‘Art in the Countryside: In Praise of Japan’

The CRE’s Dr Menelaos Gkartzios writes here about the Japanese take on “art in the countryside”, which he experienced first-hand last year during a 5 month stay in the country, and about exciting new opportunities made possible by the newly announced ESRC-AHRC UK-Japan Social Sciences, Arts and Humanities Connections Grant

What does art do? And what happens if you take artistic practice outside the museum, the art gallery, the cultural quarter, the metropolis itself? I have been working on these questions for a couple of years now, mainly through the collaborative art residency that we run between the University’s Centre for Rural Economy and Berwick Visual Arts. This has offered a rich context to explore notions not only of engaged arts practice, but also of artistic research. A special section for the academic journal Sociologia Ruralis on ‘art in the country’ is forthcoming, edited along with Dr Julie Crawshaw (Northumbria University) and Dr Marie Mahon (National University of Ireland, Galway). There seems to be an increased interest in the rural social world in established art venues; for example the Whitechapel Gallery has been running an exciting session on ‘The Rural’, and Guggenheim has already announced the ‘Countryside: the Future of the World’ exhibition).

Meanwhile, in the far Far East, contemporary art is taking place in the countryside. Last year I was given the opportunity to do fieldwork in rural Japan as part of a visiting associate professorship post at the University of Tokyo. I came across a tradition of significant contemporary art festivals in the most remote and depopulated locations of rural Japan – many of them led by the Tokyo-based Art Front Gallery, following the vision of its director, Fram Kitagawa, who has received praise for his contributions in this field. It was fascinating to observe how some Japanese art professionals even dismissed the very idea of the art experience in museums and formal art spaces as ‘western’. Of course art is abundant in Japan – it’s a philosophy that enters the everyday: from arranging flowers, to serving tea, from separating the public and the private social spheres in performative ways, to writing Japanese syllables and Chinese ideograms.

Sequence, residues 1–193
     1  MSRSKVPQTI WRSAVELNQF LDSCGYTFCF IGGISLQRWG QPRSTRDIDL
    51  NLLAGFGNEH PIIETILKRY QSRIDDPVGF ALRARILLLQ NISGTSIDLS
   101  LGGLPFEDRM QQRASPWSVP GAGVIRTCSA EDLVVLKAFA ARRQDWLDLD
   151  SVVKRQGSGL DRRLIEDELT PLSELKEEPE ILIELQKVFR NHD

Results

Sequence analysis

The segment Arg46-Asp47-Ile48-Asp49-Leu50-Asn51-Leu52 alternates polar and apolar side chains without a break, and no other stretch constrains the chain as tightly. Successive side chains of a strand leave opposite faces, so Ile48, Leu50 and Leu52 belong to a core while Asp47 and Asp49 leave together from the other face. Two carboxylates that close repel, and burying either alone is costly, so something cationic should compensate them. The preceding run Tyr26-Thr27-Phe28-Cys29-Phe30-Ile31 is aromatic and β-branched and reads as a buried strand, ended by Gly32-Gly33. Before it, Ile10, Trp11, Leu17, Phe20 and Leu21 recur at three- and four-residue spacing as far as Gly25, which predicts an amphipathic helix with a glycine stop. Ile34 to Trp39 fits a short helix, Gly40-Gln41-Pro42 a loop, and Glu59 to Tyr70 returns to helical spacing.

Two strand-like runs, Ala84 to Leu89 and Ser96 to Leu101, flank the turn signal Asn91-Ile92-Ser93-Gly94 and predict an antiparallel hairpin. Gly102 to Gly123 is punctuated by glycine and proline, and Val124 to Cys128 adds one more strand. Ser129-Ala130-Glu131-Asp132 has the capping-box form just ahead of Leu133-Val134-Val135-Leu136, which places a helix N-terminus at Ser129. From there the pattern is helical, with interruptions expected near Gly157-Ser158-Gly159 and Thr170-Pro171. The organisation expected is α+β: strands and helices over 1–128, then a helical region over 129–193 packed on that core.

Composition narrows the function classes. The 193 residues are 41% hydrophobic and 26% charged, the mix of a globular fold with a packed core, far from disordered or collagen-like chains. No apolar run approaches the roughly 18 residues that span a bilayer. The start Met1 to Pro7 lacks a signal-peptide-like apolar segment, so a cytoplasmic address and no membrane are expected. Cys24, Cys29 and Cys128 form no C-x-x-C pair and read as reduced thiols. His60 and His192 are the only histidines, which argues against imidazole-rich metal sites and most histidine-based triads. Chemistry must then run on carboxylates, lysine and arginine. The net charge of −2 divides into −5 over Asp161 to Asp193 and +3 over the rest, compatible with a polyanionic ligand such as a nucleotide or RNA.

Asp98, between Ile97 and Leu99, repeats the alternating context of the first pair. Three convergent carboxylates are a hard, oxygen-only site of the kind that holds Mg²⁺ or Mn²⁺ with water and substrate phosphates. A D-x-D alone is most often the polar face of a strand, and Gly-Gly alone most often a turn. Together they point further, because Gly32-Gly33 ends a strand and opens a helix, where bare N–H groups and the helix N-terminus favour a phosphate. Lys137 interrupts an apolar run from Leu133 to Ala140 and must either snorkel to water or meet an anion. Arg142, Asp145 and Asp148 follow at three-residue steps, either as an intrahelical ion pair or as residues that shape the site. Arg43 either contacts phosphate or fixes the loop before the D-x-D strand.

The research team at Oku-Noto

The most prolific of these art festivals has been the Echigo Tsumari Art Trienalle which takes place place in a disadvantaged mountainous area, but my fieldwork took place at the very first edition of the Oku-Noto Trienalle, also organised by Art Front Gallery, which coincided with my 5 month stay. Fieldwork included an ethnographic diary while attending the festival and visiting the artworks via structured bus guided tours, as well as in-depth interviews with visitors, curators and other art professionals, local policy makers and local community groups involved in the art-making. I would have never been able to do this work had it not been for my colleagues in Japan supporting this endeavour – particularly Dr Hironori Yagi and his students. We were a group, so important in Japanese culture.

The festival was so successful that it was difficult to find accommodation, so we stayed in a Buddhist temple instead – think of it: tatami rooms, low lights, emptiness. There was art even there. As I am going through my field notes of the festival, I read numerous stories about re-using abandoned buildings important for the rural community. At a closed school we rang the bells loud; a closed bath house – central in Japan’s social life – was filled with foam and people again. Nature is never to be underestimated in Japan and that was also evidenced in the artworks – some of them were actually destroyed because of typhoons. But nature was equally never glorified. Engaged artistic practice was abundant and residents talked with pride and strong emotions about being involved in the festival. And then there were the odd stories, the almost insignificant connections that the art festival made, that really mattered: getting lost and being looked after while cycling at night to view light installations; making friends.

‘Table Runner’ by Tomoko Konoike

I am extremely excited to say that this is only the beginning. We will explore further this adventure of art in the countryside across Japan and the UK. Our collaboration has just received funding from the newly announced ESRC-AHRC UK-Japan Social Sciences, Arts and Humanities Connections Grant. I am delighted to lead, with our University Dean of Culture and the Creative Arts, Professor Vee Pollock, a new research network with the University of Tokyo, Art Front Gallery and our established collaborators in the wider region, Berwick Visual Arts and Scotland’s Stove Network. The research network aims to explore the contribution and potential of contemporary art in support of sustainable rural development. Stay tuned and get out of the city.


Reflections on CRE’s visit to the House of Lords

Dr. Ruth McAreavey, Senior Lecturer in Sociology at Newcastle University, writes about her recent visit to Westminster as part of a delegation from the CRE. 

While walking down Milbank with colleagues from CRE in December, it really felt that we were at the heart of the action. Westminster was buzzing, demonstrators were out in full force, space on College Green was at a premium as the media pitched their broadcasting tents. This happened to be the first day of Teresa May’s 5-day Brexit debate extravaganza to allow MPs to debate the ins and outs of her deal. It was also the day that Lord Cameron was hosting academics from across the UK to discuss Brexit. Jeremy Phillipson, Guy Garrod, Mark Shucksmith, Fran Rowe and I were part of that delegation, representing the CRE. We had been invited to help present the key findings from four papers published by CRE that discuss the rural policy implications of Brexit for the four corners of the UK – Northern Ireland, Scotland, England and Wales.